CEO For a Day

How Would You Save Some of the Industry’s Basket Cases?

by Jim Turley

You finally get the phone call. Bill Gates and Steve Ballmer are on speakerphone, calling you while you grill hot dogs in the backyard. Beer in one hand, BBQ tongs in the other (and Bluetooth headset in your ear), you shoot the breeze with your ol’ buddies Bill and Steve.

“So, [insert your name here], what’dya say? Do you want to come be the new CEO of Microsoft? Of course, you’d have to move to Redmond, but we could make that worth your while. Company car… big salary… corner office(s)… Do we have a deal?”

Would you take the job? In this scenario, Satya Nadella remains EVP of the company’s Cloud and Enterprise group, reporting to you. You would oversee all of Microsoft’s worldwide operations, controlling business strategy, technical development, licensing terms – you name it.

 

Toward Ten TeraFLOPS

Altera Kicks Up Floating Point

by Kevin Morris

The Cray-2, the world’s fastest computer until about 1990, was capable of almost 2 GigaFLOPS (Billion Floating Point Operations per Second) - at an inflation-adjusted price of over $30 million. A decade later, ASCI Red - selling for a cool $70 million or so - topped one teraFLOPS (Trillion Floating Point Operations per Second). The machine was twice as expensive, but the price per performance had dropped from ~$15M/GFLOPS (Cray) to ~$70K/GFLOPS (ASCI Red). That’s a shocking improvement. Moore’s Law would have us believe in a ~32x gain over the course of a decade, but real-world supercomputers delivered over 200x in just ten years. Take that, Dr Moore!

Sometime in 2015, according to Altera, we will have a single FPGA (yep, that’s right, one chip) - designed by Altera and manufactured by Intel - capable of approximately TEN teraFLOPS. Let’s do some math on that, shall we? We don’t know exactly what a Stratix 10 FPGA will cost, but it almost doesn’t matter. This device should put us in the realm of $1/GFLOPS. Or, compared to ASCI Red, an additional 70,000x improvement in cost per performance.

 

Programming QuickLogic’s Sensor Hub

Hardware from a Software Standpoint

by Bryon Moyer

Well, it seems to be sensor hub season. A couple of interesting things are brewing. One, in particular, is of strategic significance, and I’ll be writing that up once I get a chance to dig into some more details.

For today, we’re going to go tactical rather than strategic: we’re going to dig deeper into QuickLogic’s sensor hub solution. And we’re going to get our hands dirty. If you read my earlier piece on sensor hub partitioning, you’ll recall that QuickLogic has a rather intricate implementation that puts much of the sensor hub functionality in FPGA hardware using a combination of low-level software, state machines, and outright hardware. Their claim is that they can achieve the lowest power this way – lower than a more common microcontroller implementation.

 

When Eight Is Enough

Microchip's 8-bit Challenge

by Amelia Dalton

There is a common assumption that innovation cannot be inspired in the world of 8-bit microcontrollers. If that is the case, then why haven’t they disappeared like the telegraph or the 8-track tape? Perhaps it's because we still need them and sometimes they are just what the doctor (or engineer as the case may be) ordered. In this week’s Fish Fry, I check out some cool new 8-bit MCUs from Microchip Technology with Greg Robinson (VP - Microchip Technology) and we dive down into the guts of these new 8-bit masterpieces - from the intelligent analog features to the digital pin placement capabilities. Also this week, we investigate how Israeli start-up StoreDot plans to revolutionize battery technology. (Hint: It includes chemically synthesized bio-organic peptide molecules!)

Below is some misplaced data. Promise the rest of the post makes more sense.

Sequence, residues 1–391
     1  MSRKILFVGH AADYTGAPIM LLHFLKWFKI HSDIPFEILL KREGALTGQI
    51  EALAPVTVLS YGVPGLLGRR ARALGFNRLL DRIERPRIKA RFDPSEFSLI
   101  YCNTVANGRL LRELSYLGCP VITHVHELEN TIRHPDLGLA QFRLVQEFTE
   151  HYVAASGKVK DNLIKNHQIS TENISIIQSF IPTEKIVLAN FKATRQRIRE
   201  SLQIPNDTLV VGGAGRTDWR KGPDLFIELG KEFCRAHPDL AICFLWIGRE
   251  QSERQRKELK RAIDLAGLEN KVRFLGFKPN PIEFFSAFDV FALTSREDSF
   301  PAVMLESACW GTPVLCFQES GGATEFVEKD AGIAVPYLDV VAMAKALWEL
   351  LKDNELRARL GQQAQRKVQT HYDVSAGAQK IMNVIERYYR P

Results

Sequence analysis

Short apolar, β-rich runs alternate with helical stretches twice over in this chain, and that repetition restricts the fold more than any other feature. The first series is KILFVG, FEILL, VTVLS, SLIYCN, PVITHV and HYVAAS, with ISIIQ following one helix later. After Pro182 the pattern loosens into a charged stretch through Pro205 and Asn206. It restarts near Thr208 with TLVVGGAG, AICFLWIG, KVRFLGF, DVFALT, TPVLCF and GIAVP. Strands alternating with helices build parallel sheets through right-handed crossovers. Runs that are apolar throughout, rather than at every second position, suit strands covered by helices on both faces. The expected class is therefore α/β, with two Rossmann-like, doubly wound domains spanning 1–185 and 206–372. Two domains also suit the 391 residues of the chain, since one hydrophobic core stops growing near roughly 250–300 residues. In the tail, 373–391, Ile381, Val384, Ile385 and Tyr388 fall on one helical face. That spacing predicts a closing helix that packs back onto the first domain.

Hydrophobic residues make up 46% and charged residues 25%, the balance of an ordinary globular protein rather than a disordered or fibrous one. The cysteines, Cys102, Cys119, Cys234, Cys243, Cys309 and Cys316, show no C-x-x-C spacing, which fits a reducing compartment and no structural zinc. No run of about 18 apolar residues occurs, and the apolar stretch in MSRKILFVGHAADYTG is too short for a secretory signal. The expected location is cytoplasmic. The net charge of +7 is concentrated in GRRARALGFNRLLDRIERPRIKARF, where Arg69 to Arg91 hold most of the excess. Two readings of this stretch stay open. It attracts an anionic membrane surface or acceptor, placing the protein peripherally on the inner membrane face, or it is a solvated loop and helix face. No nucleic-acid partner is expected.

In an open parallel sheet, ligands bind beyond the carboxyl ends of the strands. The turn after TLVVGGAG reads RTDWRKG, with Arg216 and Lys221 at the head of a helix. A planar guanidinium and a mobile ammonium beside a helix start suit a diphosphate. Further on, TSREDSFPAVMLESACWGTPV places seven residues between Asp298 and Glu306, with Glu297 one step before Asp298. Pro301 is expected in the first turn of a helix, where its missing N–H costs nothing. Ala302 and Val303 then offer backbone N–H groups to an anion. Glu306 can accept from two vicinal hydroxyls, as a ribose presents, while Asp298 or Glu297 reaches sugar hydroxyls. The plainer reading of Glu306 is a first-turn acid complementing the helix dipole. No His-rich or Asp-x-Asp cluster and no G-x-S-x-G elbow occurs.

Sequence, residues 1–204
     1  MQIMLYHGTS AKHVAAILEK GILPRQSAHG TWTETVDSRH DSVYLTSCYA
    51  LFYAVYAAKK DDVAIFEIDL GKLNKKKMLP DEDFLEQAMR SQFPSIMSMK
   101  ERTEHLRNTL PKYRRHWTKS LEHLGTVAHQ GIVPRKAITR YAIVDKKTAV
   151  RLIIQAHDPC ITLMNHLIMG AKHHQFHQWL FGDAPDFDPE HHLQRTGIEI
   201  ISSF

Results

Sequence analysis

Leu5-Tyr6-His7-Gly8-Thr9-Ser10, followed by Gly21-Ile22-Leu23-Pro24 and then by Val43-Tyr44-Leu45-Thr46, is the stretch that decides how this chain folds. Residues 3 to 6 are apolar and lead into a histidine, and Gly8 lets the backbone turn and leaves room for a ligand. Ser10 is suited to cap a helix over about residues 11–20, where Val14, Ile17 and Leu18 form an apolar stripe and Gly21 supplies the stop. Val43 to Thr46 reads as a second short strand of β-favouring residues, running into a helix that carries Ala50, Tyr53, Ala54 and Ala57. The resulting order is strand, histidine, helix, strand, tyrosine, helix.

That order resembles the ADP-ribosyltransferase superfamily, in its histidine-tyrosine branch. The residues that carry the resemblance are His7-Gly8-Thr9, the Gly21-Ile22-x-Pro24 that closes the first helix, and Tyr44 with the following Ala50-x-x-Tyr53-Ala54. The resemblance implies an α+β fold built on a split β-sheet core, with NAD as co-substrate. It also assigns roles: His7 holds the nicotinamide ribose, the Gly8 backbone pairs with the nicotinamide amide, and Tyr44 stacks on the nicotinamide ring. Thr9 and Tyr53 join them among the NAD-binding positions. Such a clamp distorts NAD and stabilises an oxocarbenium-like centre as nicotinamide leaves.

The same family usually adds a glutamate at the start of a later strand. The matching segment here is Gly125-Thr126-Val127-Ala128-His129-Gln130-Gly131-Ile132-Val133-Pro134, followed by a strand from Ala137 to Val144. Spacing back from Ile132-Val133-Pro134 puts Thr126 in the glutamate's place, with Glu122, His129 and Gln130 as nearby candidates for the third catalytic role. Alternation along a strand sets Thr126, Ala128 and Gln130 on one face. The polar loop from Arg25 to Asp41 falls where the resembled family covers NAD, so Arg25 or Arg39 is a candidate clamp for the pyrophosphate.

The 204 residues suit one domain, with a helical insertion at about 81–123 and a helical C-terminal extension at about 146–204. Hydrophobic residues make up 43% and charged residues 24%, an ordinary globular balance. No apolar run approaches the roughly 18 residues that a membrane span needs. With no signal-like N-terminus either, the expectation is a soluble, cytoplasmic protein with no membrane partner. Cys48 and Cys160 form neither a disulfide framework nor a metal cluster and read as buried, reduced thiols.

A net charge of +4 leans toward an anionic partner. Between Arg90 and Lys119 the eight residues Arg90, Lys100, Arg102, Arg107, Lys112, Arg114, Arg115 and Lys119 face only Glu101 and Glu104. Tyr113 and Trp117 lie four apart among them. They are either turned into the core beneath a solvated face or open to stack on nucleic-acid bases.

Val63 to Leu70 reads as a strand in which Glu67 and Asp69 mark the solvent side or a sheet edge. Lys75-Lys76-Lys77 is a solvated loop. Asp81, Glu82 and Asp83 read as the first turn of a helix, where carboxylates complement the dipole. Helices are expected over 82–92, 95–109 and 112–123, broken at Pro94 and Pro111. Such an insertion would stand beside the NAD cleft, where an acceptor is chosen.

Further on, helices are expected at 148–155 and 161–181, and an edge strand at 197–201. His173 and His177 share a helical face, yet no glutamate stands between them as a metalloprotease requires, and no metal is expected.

Freescale Goes Nuts for ARM

New Kinetis Families and a Major Acquisition Equal 900+ Parts

by Jim Turley

They say change is good, so Freescale must be the best microprocessor company in the whole world.

What hasn’t this company done? It’s change its name, changed its processor architecture(s), changed its financial structure, changed its management (repeatedly), and totally reorganized its product lines, business units, and development structure. In between, I’m sure they’ve changed the office wallpaper and the filter in the break-room coffee maker. I remember sitting down to a meeting with some Freescale marketing types. They glanced across the table at my hand-scribbled org chart of their company and asked politely, “Could we have a copy of that, please?” Seems they were as confused about the company’s structure as I was.

 

Heartbleed: Serious Security Vulnerability

Serious Wake-up Call

by Bruce Kleinman, FSVadvisors, foreword by Kevin Morris

Imagine if you woke up one morning, and found out that Walmart was now selling a device for $5 that could easily and instantly open almost any deadbolt lock. That’s right - the kind of lock that is supposed to give “extra protection” to just about every door on earth. That’s the magnitude of security problem posed by the Heartbleed Bug.

Contributing columnist Bruce Kleinman wrote the first half of this article and posted it to his “From Silicon Valley” blog on April 6, 2014. The timing of the post was a remarkable coincidence: just 36 hours before the Heartbleed Bug started making headlines.

As the creators of technology, we engineers need to re-think our commitment to security and safety. The systems we design don’t just earn us money – they are often trusted to protect people’s lives, privacy, and assets. This is a solemn responsibility that is all too often overlooked or given short shrift in our ongoing race to get timing closure, first silicon, working prototypes, and volume shipments.

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